Well, some do the installing. Others avail themselves of one of the more unusual aspects of Unique’s success: installation services provided through a sister company called Unique Custom Closets, run by Perpetua’s friend and longtime partner, Fran Murray.

“We wanted to get into [installation] and do it exclusively,” says Perpetua. “But since we do such a large volume of closets, I couldn’t give it the necessary time. So we took [Murray] on, kind of like a partner. It’s his company, so he can call the shots without us being involved.”

Sounds easy, and it is — thanks largely to some very clear lines that are drawn between the two organizations. Perpetua projects sales for the installation side to top out at around $450,000 for the year — that’s above and beyond the $1.5 million anticipated from the manufacturing side.

“He gets the best product. It is made and assembled here, prepped, then it leaves here and goes out to the job,” says Perpetua. “It gives us a little bit of leeway. He takes care of his stuff, and everybody knows where their line is.”

     
 
A walk-in closet installation in melamine, with thermofoil wood-grain doors and drawer fronts.  
     

It’s also a symbiotic relationship. In addition to employing a full-time installer and having the freedom to add installers when the workload calls for it, Murray has a part-time designer, which gives him the capability of bringing plans (a.k.a., sales) to Perpetua’s side of the operation.

“We know exactly what the shop produces, we know exactly what the installation crew produces,” Perpetua says, “and just by dividing their numbers up, I can see exactly what that crew purchased and how that works out.”

As for projects, 90 percent of the manufacturing side’s output is closets, with about half being high-end.

“The quality of the [melamine] papers, the clarity of the picture, the photographs, makes a big difference,” Perpetua says, noting that the vast majority of even the highest-end jobs are manufactured primarily from Panval melamine panels.

Unique regularly incorporates solid wood, raised-panel doors into high-end, wood-look melamine closet projects. Thanks to water-based finishes, Perpetua says, the ambering inherent in solvent-based products is no longer an issue. So the finish of real wood elements can be precisely matched to the faux-wood melamine and hold their color for years. In fact, just five or six percent of all the high-end, wood-grain projects the shop produces are comprised of “real” wood-veneered panels, which Unique buys on prefinished sheets.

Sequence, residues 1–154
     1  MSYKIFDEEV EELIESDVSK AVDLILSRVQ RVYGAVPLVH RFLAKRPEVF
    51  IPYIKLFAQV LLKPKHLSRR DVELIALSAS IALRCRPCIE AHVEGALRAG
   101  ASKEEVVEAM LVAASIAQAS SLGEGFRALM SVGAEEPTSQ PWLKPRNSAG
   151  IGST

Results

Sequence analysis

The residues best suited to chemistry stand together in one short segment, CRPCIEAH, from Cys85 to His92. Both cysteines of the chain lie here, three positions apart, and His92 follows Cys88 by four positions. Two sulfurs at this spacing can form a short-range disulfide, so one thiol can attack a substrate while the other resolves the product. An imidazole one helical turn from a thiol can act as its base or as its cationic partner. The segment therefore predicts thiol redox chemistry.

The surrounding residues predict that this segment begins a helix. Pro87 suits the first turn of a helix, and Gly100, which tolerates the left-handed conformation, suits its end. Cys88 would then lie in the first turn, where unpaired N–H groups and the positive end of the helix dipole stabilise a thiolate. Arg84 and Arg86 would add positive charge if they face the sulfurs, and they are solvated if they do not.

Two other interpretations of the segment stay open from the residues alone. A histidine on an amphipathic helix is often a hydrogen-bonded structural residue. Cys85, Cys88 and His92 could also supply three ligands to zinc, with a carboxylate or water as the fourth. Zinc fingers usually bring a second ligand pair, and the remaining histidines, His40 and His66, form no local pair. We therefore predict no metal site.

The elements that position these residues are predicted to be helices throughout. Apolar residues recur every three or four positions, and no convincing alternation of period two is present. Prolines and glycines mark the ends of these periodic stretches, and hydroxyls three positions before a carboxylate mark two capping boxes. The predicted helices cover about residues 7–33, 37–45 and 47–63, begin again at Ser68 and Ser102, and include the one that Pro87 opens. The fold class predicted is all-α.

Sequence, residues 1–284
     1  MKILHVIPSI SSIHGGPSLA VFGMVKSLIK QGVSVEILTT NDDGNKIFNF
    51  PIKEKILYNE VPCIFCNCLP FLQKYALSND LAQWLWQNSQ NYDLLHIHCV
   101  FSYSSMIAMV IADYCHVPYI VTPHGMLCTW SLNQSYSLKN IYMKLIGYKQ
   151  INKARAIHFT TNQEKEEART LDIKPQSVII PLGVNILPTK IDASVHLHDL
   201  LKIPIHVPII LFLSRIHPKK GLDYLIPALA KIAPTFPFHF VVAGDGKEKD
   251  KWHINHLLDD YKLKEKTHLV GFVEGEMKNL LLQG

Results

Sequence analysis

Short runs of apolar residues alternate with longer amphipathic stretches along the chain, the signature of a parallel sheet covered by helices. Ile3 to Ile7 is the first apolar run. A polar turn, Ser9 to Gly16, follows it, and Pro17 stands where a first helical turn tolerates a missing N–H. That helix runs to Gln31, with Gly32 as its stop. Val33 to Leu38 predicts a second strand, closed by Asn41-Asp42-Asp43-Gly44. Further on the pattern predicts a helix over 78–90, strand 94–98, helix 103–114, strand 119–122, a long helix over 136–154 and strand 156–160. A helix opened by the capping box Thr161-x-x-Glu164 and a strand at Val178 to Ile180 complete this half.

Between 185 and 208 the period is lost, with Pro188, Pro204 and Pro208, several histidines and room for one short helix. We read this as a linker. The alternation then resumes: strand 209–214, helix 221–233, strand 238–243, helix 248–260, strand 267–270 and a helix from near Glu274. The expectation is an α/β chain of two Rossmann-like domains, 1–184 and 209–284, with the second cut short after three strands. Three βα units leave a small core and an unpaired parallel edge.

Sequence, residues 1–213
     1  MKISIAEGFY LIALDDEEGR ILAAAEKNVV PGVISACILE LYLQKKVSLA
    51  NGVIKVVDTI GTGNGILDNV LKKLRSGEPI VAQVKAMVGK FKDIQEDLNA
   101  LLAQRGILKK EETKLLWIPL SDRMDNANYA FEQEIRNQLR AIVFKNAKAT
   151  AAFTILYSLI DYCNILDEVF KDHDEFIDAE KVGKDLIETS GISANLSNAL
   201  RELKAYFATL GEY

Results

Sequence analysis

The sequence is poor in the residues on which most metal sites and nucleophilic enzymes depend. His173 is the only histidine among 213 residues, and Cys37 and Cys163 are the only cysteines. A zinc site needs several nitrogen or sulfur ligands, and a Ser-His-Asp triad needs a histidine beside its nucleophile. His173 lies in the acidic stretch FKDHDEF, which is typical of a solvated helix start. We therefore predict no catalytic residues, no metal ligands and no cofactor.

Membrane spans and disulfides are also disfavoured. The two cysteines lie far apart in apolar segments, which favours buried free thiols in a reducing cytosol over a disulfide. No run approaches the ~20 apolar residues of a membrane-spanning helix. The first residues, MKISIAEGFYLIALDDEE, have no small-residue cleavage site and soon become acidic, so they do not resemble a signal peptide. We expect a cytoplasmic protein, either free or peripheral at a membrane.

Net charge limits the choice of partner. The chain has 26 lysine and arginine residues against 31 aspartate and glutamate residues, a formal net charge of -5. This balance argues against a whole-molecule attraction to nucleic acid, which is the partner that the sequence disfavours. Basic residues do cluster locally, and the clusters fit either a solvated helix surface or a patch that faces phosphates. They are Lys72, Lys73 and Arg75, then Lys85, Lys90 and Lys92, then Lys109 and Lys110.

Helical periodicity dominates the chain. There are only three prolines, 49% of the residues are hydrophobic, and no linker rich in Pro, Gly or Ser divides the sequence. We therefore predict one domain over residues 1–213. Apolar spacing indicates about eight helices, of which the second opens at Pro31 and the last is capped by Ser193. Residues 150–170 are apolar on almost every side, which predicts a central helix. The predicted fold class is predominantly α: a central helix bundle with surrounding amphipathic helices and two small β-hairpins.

Perpetua prides himself on the company’s quick turnaround time. He says orders received Monday morning are usually ready for installation on Friday, and many of those orders are received via e-mail. He imports that information into the company’s CutRite software.

“CutRite is very versatile,” he says. “It will import any type of an ASCII format and we can run with it.”

And run they do, under the watchful eye of Tony Sr., a retired, 27-plus-year veteran of the Philadelphia Fire Department and himself a cabinetmaker since 1960.

The company’s just-across-the-Delaware location has enabled it to develop a warehousing arrangement with its board supplier, Fessenden Hall of New Jersey.

“We’ll get one truck every day, sometimes two,” says Tony Sr. “The space it saves on our floor is great.”

The shop’s convenience to I-95 is also a clear advantage for customers, providing ready access to the main artery serving the New York-to-Washington corridor and aiding the company, along with its investment in equipment, in making the promised five-day turnarounds a reality. That timeframe covers everything, from the moment an order is accepted through palletizing of the completed, RTA product.

“It’s hard work, and the deadlines are tight, but you leave every day and at the end of each week with a real feeling of accomplishment,” the younger Perpetua says.

And so it goes — in The Shop of the Future.